Category Archives: Legal

KKR Rebates Some Ill-Gotten Fees to Investors Due to Dodd Frank Reforms

KKR made what amounted to an admission of guilt to the blistering charges that the SEC laid at the doorstep of the private equity industry last May. Then, Andrew Bowden described in unusually specific detail the widespread, serious abuses it was finding in its initial private equity examinations, including what amounted to embezzlement.

Mark Maremont of the Wall Street Journal, based on a document obtained by FOIA from the Washington State Investment Board, learned that KKR had disgorged some ill-gotten fees.

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Fed Testimony in AIG Bailout Trial: If It Walks Like Perjury and Quacks Like Perjury…

One of the most striking things about the testimony in the AIG bailout trial is the degree to which Fed officials play fast and loose with the truth. And I don’t mean the normal CEO version of having no memory of events that are inconvenient and very detailed recollections of things that boost their case. I mean statements that are flat out false.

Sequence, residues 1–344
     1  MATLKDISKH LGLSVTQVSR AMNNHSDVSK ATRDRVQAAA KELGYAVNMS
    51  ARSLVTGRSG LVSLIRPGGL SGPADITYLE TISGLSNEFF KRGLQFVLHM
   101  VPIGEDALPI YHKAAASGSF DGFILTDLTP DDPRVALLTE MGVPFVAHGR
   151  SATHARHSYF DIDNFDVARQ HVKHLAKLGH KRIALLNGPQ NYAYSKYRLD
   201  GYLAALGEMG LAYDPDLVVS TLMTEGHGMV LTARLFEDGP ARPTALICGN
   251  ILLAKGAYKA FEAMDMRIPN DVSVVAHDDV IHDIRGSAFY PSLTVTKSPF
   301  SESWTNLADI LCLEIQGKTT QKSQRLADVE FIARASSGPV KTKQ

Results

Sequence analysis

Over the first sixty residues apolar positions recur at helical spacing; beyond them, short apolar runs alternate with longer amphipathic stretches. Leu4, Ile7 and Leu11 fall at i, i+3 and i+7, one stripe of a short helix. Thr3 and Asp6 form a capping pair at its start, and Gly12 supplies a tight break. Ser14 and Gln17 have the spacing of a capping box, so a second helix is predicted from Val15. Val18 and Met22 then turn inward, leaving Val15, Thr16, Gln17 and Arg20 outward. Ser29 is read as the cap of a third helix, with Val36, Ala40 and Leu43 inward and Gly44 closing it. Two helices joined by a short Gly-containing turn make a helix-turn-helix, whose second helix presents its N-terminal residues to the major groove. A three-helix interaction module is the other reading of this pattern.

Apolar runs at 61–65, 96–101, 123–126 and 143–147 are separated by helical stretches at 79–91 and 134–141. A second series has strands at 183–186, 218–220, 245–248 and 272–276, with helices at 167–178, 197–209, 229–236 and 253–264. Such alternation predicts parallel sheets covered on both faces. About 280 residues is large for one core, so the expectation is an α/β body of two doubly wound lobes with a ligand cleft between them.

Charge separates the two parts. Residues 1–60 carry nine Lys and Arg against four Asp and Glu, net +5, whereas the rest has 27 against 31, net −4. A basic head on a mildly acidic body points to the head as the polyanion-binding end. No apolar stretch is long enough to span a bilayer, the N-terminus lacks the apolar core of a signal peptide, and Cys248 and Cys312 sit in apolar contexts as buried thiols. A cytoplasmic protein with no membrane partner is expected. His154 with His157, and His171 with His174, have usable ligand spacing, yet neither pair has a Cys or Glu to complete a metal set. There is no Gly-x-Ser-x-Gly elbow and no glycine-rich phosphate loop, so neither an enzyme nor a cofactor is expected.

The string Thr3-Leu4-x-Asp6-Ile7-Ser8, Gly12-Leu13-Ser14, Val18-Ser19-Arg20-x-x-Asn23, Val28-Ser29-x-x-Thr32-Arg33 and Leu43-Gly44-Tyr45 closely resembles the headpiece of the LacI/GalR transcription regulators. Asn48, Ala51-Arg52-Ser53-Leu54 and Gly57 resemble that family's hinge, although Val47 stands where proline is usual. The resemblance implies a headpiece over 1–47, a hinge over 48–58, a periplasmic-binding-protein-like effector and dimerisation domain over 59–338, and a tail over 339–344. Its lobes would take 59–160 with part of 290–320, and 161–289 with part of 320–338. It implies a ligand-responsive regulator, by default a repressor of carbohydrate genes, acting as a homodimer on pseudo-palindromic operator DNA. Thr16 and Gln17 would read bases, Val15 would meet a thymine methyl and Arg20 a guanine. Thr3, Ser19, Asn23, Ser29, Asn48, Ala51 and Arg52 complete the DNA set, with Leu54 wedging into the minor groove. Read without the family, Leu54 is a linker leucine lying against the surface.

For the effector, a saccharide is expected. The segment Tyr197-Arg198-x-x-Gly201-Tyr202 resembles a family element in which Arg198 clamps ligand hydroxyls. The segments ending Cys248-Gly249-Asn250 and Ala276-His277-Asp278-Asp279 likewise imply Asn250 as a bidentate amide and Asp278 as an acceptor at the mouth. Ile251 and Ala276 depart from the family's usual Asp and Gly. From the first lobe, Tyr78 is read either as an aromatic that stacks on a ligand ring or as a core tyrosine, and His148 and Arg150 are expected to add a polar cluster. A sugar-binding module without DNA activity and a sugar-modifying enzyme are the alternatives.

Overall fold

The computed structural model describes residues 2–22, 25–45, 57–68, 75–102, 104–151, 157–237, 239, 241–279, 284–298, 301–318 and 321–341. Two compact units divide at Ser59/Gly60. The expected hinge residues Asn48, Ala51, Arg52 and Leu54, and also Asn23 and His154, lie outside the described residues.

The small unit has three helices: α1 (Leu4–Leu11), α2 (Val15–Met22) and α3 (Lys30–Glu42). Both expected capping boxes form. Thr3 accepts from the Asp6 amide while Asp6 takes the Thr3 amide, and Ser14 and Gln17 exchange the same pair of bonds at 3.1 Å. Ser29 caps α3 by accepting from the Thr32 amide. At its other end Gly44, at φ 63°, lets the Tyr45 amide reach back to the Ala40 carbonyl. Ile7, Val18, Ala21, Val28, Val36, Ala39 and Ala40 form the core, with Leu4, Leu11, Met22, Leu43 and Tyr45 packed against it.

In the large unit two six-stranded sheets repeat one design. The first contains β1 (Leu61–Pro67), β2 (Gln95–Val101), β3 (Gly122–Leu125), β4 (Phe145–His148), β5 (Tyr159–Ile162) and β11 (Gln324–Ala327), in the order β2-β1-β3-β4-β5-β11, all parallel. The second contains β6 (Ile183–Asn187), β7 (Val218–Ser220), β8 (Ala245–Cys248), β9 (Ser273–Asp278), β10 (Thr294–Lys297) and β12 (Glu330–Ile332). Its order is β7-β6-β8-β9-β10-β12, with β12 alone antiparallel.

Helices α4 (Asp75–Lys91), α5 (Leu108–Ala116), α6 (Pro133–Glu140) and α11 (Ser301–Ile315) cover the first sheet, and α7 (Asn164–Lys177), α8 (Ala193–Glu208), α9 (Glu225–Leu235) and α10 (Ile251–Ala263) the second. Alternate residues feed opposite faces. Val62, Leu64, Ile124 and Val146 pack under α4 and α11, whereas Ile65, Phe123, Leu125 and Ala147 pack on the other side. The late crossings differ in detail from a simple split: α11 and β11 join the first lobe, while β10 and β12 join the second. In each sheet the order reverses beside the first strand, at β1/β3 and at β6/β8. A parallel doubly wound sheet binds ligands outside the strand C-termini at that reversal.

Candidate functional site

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The Fed’s and Republicans’ War Against Dodd Frank and How That Preserves the Greenspan Put and Too Big to Fail

A new story by Gretchen Morgenson of the New York Times highlights how the Federal Reserve and the Republicans* are on a full bore campaign to render Dodd Frank a dead letter, with the latest chapter an effort to pass HR 37, a bill that would chip away at key parts of Dodd Frank. But the bigger implications of this campaign is how these efforts serve to limit the Fed’s freedom in implementing monetary policy. In other words, Fed general counsel Scott Alvarez is undermining the authority of his boss, Janet Yellen.